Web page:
Three oolongs in comparison

I felt inspired to do a comparative tasting today, something which I haven’t done for quite some time.  This past March when I went back to Hong Kong I renewed my interest in tieguanyin, which for the past few years have been in the doghouse, so to speak, because most of the stuff you can buy in the US or in mainland China are so unspeakably bad.  They are, generally speaking, of the “nuclear green” variety where they are almost greener than green teas.  While some people like the fragrance of those teas, I personally find them awful.  Give me any traditional style tieguanyin anyday.

Having gone to a few stores that sold such things in Hong Kong this past break, including a great experience with a relatively cheap tieguanyin at the incredible Tim’s Kitchen (yes, restaurant tea can be good!) I was quite inspired.  So, I bought a bunch of things, and started trying some that I have leftover at home in comparison.  Today’s is one such tasting.

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The identity of the teas are not terribly important.  The one on the left is a highly roasted, slightly aged (my own storage) oolong that I bought a few years ago.  It’s electric roasted.  The one in the middle is a recent purchase on this past trip, with the vendor roasting using charcoal roast and blending the end product.  The one on the right is what I think of as a typical green tieguanyin these days, still not as green as can be, but pretty green nonetheless.  I tend not to drink such things these days.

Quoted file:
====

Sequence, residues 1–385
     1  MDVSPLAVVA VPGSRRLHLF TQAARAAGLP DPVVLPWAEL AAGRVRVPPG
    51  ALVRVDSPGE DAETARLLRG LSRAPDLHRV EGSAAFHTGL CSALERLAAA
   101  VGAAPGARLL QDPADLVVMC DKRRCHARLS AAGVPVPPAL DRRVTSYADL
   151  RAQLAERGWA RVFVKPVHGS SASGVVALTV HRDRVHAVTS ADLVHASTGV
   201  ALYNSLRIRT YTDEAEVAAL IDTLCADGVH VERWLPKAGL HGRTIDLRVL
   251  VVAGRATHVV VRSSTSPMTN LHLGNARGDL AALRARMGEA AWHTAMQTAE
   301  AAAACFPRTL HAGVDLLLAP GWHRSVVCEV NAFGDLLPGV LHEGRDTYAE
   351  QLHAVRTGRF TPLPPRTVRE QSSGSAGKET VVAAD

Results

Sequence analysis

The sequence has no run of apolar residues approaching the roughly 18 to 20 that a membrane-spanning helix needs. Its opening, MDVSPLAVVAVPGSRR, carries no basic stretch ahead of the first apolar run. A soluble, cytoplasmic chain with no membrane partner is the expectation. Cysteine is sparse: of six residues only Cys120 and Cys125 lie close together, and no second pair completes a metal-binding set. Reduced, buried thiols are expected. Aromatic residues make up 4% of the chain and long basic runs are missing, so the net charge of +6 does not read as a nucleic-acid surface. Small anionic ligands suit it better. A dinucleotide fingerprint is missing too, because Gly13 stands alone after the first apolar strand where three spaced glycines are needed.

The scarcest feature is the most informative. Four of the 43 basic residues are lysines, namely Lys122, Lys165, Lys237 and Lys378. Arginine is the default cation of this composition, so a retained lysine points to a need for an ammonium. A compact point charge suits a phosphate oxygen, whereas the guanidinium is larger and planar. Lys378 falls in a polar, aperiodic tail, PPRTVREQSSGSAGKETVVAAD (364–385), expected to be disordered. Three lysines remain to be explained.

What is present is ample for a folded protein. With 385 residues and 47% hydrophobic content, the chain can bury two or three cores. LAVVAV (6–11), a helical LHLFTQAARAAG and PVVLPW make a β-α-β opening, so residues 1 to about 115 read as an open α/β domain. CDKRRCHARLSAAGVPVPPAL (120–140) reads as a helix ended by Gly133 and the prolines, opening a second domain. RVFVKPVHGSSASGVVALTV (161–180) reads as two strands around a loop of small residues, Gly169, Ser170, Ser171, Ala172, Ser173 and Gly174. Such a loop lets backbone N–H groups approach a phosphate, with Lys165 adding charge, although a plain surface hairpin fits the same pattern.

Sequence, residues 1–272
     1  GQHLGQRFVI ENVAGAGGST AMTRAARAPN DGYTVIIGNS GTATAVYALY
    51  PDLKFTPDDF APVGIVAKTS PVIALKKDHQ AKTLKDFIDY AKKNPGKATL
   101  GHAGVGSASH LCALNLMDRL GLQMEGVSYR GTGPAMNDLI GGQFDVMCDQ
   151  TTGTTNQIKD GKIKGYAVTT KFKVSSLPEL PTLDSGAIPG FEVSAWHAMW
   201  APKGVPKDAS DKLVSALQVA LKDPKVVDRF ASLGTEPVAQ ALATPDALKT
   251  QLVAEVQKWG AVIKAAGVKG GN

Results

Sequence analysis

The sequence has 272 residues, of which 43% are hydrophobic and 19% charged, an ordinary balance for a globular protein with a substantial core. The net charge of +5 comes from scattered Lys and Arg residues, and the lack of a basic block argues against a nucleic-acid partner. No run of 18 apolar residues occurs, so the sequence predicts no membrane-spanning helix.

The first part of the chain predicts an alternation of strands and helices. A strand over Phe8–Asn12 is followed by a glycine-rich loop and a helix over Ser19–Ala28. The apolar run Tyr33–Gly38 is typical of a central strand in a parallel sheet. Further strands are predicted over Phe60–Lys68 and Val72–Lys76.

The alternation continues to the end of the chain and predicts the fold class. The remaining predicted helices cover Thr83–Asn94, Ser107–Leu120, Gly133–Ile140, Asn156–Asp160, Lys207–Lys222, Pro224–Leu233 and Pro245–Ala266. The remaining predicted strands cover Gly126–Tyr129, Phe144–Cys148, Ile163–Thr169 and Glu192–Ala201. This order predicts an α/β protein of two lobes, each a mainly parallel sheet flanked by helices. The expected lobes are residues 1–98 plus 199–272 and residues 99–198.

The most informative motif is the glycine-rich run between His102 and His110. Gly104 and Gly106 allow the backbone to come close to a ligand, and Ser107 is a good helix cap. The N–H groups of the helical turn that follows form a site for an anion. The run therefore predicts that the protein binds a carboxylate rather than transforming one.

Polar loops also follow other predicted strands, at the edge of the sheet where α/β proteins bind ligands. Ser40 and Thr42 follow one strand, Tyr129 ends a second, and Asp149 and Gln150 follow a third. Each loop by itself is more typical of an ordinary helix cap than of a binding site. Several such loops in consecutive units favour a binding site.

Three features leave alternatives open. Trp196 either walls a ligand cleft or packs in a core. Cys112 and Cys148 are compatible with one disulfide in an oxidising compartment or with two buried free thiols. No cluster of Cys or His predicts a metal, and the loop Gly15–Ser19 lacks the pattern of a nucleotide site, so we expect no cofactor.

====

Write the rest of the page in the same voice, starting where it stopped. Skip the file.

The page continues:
Closeups of each of the three:

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You can see the blending in the middle tea – various colours are present in the dry leaves.  I brewed them in competition cups for five minutes each, and this is the result

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Competition style really brings out all kinds of stuff you don’t necessarily notice if you were brewing them normally.  The middle tea ended up being the darkest, and the nose has a distinct charcoal smell that the other two don’t have.  The right one is obviously the most immediately fragrant, with a strong vanilla note.  The left one is in some ways the most subdued, but has a nice roasted fragrance.